FIG. 1B is a top plan view of a prior art slidable carrier assembly, such as the one illustrated in Sacherman. Referring to this figure, which illustrates the carrier assembly removed from the chassis, legs 102 and 103 are inserted through holes 104 a and 104 b in carrier rail 104 and then into holes 105 a and 105 b of disk drive housing 105. The arcuate shape in body portion 101 pulls the legs inward (towards one another) engaging the tips of the legs into the interior walls of holes 105 a and 105 b, thereby attaching disk drive housing 105 to carrier rail 104.
FIG. 1C is similar to FIG. 1B, except that the carrier assembly is illustrated inserted in the chassis. Referring to this figure, chassis rail 106 compresses the arcuate shape of body portion 101, thereby causing legs 102 and 103 to move outward and away from the interior walls of holes 105 a and 105 b and decreasing the force F1 between the legs and the interior walls of the holes. In fact, the retaining force F1 may be reduced to zero, such that carrier rail 104 is only loosely held onto disk drive housing 105.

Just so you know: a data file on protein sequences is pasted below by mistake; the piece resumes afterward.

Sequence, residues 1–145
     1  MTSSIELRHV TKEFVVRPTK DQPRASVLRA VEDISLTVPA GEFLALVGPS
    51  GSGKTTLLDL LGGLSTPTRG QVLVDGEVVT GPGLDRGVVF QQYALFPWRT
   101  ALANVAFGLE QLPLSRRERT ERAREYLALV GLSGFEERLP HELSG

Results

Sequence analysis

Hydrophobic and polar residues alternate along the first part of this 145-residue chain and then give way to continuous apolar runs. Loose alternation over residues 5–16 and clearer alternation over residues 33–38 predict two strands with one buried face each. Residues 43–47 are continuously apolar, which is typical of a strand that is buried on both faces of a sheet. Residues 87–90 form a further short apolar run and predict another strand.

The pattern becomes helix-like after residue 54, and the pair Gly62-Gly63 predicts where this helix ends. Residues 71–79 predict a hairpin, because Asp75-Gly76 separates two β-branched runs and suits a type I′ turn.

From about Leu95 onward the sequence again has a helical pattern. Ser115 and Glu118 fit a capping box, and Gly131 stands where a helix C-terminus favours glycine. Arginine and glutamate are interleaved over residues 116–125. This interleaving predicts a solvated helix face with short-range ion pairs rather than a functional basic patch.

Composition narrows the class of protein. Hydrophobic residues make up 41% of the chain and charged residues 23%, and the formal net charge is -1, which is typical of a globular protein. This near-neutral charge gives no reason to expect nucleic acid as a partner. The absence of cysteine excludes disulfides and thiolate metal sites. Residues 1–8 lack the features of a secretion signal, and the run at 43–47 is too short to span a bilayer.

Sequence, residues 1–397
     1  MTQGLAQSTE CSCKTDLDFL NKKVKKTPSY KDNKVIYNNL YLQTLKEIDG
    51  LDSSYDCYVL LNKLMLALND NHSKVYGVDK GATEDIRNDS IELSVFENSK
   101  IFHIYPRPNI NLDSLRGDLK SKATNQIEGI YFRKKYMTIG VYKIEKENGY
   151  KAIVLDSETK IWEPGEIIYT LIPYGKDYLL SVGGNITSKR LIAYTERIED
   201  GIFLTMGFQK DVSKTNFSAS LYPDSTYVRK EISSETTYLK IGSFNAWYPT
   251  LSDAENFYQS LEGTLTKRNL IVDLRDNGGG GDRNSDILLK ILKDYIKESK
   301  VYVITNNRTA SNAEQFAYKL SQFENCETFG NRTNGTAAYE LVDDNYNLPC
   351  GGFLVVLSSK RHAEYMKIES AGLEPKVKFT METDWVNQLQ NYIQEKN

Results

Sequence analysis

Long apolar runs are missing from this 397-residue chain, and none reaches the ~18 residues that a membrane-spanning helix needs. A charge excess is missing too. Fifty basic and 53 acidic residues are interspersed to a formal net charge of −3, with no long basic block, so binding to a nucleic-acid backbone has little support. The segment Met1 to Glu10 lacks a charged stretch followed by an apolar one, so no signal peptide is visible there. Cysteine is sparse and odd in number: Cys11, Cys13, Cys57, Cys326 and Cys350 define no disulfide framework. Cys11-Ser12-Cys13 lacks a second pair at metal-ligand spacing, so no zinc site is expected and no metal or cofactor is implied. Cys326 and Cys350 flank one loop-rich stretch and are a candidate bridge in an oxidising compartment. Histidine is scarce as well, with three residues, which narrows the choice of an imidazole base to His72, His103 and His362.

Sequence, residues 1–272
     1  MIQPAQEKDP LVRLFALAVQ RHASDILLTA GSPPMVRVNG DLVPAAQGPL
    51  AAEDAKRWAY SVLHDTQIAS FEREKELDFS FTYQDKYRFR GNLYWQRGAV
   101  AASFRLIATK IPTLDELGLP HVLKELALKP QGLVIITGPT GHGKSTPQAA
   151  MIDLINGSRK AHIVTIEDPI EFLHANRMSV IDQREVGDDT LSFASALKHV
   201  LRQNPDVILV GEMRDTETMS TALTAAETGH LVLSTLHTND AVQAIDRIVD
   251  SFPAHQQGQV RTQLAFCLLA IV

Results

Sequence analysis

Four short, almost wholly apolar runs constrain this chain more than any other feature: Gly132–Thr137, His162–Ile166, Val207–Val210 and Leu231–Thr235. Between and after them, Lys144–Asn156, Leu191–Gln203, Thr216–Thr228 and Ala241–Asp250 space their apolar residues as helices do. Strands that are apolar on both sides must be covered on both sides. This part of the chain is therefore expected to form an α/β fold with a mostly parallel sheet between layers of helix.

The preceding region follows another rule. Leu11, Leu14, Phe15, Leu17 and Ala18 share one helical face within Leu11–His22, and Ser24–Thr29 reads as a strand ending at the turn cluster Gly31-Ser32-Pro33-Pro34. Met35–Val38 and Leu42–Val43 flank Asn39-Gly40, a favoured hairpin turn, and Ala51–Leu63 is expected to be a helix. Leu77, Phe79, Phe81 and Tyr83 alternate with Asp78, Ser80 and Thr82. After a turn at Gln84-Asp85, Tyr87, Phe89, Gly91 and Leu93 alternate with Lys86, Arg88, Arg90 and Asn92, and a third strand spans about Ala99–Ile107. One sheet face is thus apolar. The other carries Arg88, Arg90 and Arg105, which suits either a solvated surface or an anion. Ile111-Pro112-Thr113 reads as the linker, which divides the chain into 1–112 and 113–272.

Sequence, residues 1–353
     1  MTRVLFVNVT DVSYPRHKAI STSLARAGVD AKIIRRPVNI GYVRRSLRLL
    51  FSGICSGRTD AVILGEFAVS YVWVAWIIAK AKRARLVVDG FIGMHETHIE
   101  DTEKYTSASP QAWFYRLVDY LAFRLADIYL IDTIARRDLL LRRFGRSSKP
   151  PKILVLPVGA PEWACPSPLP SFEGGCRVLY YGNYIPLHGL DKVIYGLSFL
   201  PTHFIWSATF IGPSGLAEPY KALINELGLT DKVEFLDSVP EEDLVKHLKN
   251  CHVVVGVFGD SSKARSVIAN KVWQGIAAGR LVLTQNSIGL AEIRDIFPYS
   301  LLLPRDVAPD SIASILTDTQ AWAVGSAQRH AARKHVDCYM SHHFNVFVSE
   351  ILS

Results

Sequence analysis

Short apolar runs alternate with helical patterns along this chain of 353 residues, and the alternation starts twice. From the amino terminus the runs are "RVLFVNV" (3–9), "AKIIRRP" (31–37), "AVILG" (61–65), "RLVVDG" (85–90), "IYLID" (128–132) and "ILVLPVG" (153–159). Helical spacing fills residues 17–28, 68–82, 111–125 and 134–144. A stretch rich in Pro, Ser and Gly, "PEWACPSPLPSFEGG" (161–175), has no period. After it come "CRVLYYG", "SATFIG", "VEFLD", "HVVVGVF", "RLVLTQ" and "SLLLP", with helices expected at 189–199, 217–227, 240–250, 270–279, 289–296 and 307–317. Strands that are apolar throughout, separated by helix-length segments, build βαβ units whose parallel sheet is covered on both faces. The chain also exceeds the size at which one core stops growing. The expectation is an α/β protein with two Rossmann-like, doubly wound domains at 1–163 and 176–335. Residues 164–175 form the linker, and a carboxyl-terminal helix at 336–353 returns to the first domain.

The invention described below includes a wire form attaching mechanism of a design different from that of the prior art. In particular, the wire form of the present invention is designed to increase the holding force between a disk drive housing and the carrier rail when the carrier assembly is inserted into the chassis. In order to achieve good electrical grounding of the disk drive housing, this is particularly important when using an electrically insulating carrier, such as the plastic injection molded carrier described below. In other words, a path for electrical conduction is formed between the grounded chassis rail and the wire form, and also between the wire form and the disk drive housing. Consequently, it is imperative that the legs of the wire form remain in tight engagement with the walls of the holes in the disk drive housing when the carrier assembly is inserted into the chassis.
Briefly, the invention is an electronic component assembly for slidable insertion into a chassis having a chassis rail and a detent. The assembly includes a carrier having a flexible handle and a carrier rail. The carrier rail includes a flexible end portion and one end of the handle is connected to the flexible end portion of the rail. The flexible end portion includes a latch for engaging the detent in the chassis. The carrier is slidably insertable into the chassis such that the carrier rail engages the chassis rail. When the carrier is inserted into the chassis a predetermined distance, the latch engages the detent in the chassis, thereby latching the carrier in the chassis. The carrier is slidably removable from the chassis by application of a force applied between the two ends of the handle. This force causes the handle to bend, which in turn causes the flexible end portion of the carrier rail to bend, thereby disengaging the latch from the detent. The assembly also includes an electronic component attached to the carrier.